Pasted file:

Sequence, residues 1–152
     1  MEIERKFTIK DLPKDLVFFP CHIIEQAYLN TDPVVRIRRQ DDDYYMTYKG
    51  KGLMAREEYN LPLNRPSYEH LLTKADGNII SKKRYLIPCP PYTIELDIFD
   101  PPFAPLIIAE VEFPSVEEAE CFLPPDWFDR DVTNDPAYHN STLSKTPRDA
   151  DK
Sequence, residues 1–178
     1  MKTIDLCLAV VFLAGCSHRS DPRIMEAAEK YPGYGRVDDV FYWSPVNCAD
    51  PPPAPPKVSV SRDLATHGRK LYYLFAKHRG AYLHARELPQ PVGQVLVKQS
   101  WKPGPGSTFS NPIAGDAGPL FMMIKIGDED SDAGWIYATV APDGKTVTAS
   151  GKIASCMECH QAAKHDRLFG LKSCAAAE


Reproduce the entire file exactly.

Sequence, residues 1–152
     1  MEIERKFTIK DLPKDLVFFP CHIIEQAYLN TDPVVRIRRQ DDDYYMTYKG
    51  KGLMAREEYN LPLNRPSYEH LLTKADGNII SKKRYLIPCP PYTIELDIFD
   101  PPFAPLIIAE VEFPSVEEAE CFLPPDWFDR DVTNDPAYHN STLSKTPRDA
   151  DK
Sequence, residues 1–178
     1  MKTIDLCLAV VFLAGCSHRS DPRIMEAAEK YPGYGRVDDV FYWSPVNCAD
    51  PPPAPPKVSV SRDLATHGRK LYYLFAKHRG AYLHARELPQ PVGQVLVKQS
   101  WKPGPGSTFS NPIAGDAGPL FMMIKIGDED SDAGWIYATV APDGKTVTAS
   151  GKIASCMECH QAAKHDRLFG LKSCAAAE